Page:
I went out early today as tomorrow everything is closed and I'm sharing my car with my son as his car is in for a service.
Machine Vendetta Prefect Dreyfus#3 by Alaistair Reynolds - just out though six years after #2 so I'm fairly vague about what happened. Great scifi set in world of Revelation Space.
The Consultant by Im Seong-Sun - looking forward to this one
Scattershot: Life, Music, Elton and Me by Bernie Taupin - memoir

Almost done reading The Secret Purposes, a little bit of a slog though interesting.

Mar 28, 9:38 am

>177 avatiakh: The Consultant does sound interesting. I'll look forward to your review.

Mar 28, 9:56 pm

38) The Secret Purposes by David Baddiel (2004)

This novel is about the internment of Germans on the Isle of Man during World War Two. Most were Jewish refugees, but the British Govt just saw them as enemy aliens. A communist, Jewish Isaac is from Konigsburg and married to a non-Jewish German. He's considered a threat and along with many others is an internee.
The other storyline is with June Murray who works as a translator of German documents in Special Operations. She's upset by a Ministry of Information memo that news of the atrocities against Jews by Hitler should be suppressed and is not in the public interest.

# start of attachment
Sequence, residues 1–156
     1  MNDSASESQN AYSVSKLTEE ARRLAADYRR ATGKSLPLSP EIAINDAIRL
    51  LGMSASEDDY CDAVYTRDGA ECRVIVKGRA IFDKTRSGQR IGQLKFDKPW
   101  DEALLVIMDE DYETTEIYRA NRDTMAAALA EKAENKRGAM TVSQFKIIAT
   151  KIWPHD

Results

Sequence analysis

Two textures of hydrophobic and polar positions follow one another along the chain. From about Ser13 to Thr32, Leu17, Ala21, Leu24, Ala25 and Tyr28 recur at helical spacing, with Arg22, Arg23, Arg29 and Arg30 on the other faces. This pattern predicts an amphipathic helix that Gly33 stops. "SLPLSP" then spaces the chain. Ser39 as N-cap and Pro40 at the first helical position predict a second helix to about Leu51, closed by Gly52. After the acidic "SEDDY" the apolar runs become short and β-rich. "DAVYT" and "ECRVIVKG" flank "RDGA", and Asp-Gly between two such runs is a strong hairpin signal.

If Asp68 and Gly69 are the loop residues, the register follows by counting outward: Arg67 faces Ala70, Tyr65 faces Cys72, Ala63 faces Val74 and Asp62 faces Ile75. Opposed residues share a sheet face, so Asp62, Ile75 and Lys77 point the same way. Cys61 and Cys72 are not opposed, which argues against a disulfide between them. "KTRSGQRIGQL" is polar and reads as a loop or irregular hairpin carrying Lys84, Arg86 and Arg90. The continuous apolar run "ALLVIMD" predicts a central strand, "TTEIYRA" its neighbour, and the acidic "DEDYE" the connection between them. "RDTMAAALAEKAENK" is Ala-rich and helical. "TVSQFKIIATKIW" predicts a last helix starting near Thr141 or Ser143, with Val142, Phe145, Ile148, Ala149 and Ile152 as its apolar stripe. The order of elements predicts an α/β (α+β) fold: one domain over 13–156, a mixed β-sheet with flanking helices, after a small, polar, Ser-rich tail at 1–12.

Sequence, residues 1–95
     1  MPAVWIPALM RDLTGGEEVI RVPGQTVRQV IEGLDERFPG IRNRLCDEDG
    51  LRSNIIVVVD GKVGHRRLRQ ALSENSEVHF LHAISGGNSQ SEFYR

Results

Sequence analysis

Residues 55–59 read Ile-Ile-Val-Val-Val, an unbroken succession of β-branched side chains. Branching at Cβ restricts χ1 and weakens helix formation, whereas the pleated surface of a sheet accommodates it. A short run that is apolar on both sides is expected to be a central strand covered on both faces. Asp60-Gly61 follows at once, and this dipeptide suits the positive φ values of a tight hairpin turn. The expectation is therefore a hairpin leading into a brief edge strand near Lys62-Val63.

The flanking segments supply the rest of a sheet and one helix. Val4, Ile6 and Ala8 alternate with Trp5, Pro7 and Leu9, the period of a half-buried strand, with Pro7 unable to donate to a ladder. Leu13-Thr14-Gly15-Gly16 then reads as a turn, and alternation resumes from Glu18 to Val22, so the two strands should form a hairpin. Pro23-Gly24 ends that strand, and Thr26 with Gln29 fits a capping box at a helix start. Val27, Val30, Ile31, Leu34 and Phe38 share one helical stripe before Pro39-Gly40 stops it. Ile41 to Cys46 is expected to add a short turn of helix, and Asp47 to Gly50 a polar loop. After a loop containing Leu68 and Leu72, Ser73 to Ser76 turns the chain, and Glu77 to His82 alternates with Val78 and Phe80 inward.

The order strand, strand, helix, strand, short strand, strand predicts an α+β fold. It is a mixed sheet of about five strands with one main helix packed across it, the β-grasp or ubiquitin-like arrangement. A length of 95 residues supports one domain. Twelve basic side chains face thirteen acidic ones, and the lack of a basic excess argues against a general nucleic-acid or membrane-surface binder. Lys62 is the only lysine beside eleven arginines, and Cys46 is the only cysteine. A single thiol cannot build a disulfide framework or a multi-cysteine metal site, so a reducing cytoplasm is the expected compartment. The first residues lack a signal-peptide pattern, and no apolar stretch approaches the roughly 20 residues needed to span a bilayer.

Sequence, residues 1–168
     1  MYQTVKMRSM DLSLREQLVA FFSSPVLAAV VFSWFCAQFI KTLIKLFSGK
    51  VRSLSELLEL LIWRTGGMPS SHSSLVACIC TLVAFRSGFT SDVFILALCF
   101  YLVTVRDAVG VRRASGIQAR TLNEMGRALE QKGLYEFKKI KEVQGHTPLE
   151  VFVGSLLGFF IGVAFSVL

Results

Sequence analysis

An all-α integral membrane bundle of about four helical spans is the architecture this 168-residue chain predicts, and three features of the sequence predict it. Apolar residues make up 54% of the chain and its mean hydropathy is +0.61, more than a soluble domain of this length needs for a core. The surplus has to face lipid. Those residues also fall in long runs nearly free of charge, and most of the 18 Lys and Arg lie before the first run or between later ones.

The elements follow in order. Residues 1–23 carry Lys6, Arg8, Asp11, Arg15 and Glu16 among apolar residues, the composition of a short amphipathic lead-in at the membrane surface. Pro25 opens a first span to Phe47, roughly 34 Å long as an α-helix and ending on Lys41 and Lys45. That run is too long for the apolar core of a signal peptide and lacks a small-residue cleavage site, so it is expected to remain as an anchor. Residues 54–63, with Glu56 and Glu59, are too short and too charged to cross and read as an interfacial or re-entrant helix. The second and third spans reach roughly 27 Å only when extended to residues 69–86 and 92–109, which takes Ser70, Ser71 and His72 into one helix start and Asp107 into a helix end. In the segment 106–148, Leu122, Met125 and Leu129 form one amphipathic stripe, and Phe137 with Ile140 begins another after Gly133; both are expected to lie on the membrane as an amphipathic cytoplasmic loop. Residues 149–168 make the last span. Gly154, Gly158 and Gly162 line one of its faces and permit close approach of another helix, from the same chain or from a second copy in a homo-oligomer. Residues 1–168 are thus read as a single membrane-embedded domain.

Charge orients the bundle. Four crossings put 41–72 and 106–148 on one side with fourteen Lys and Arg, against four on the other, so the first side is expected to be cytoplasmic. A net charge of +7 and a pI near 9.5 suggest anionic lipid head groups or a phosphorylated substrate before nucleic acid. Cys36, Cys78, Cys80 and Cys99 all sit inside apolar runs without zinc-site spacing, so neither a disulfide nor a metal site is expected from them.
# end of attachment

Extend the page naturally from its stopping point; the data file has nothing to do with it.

Baddiel's own grandfather was interned on the Isle of Man and he wanted to draw awareness to this historical event.
This was a slow read but definitely a worthwhile one. I didn't think there was much story in it but the plot picked up in the last 150 pages.

Editado: Mar 30, 6:14 pm

39) The Apothecary Diaries vol.7 by Natsu Hyuuga (2022)
My favourite manga. Maomao was brought up in a courtesan house and then adopted by her apothecary father. She is now working in the Inner Court at the palace and solves numerous mysteries using her knowledge of herbs and medicines. Her patron is Jinchi, who she has assumed is a eunuch but perhaps he isn't.

Editado: Mar 30, 6:23 pm

Current reads:

I've gone off track here -
Iris and Me by Philippa Werry - YA prose novel on life of writer Robin Hyde
Doing Time by Jodi Taylor - #1 in her Time Police series
The Teacher by Michal Ben-Naftali
How do you live? by Genzaburo Yoshino
The Iliad by Homer - audio

Mar 30, 7:17 pm

>178 labfs39: Hi Lisa - I'm itching to pick it up, but it's an April read.

Mar 31, 7:12 pm

40) Iris and Me by Philippa Werry (2023)
An interesting prose novel about writer/poet/journalist Robin Hyde (1906-1939). She's highly considered in New Zealand but honestly her life seems to have been disaster after disaster. After a struggle to make a career as a journalist in New Zealand alongside much personal strife, Hyde whose real name is Iris Wilkinson decides to travel in 1938 to England to try establish herself there as a writer. She has almost no funds to support herself and yet still leaves her plans behind on arrival in Hong Kong to travel and report on the Japanese invasion of China. Amid much hardship she makes it to the warfront and does report from there but goes missing as the Japanese take over the territory she's in.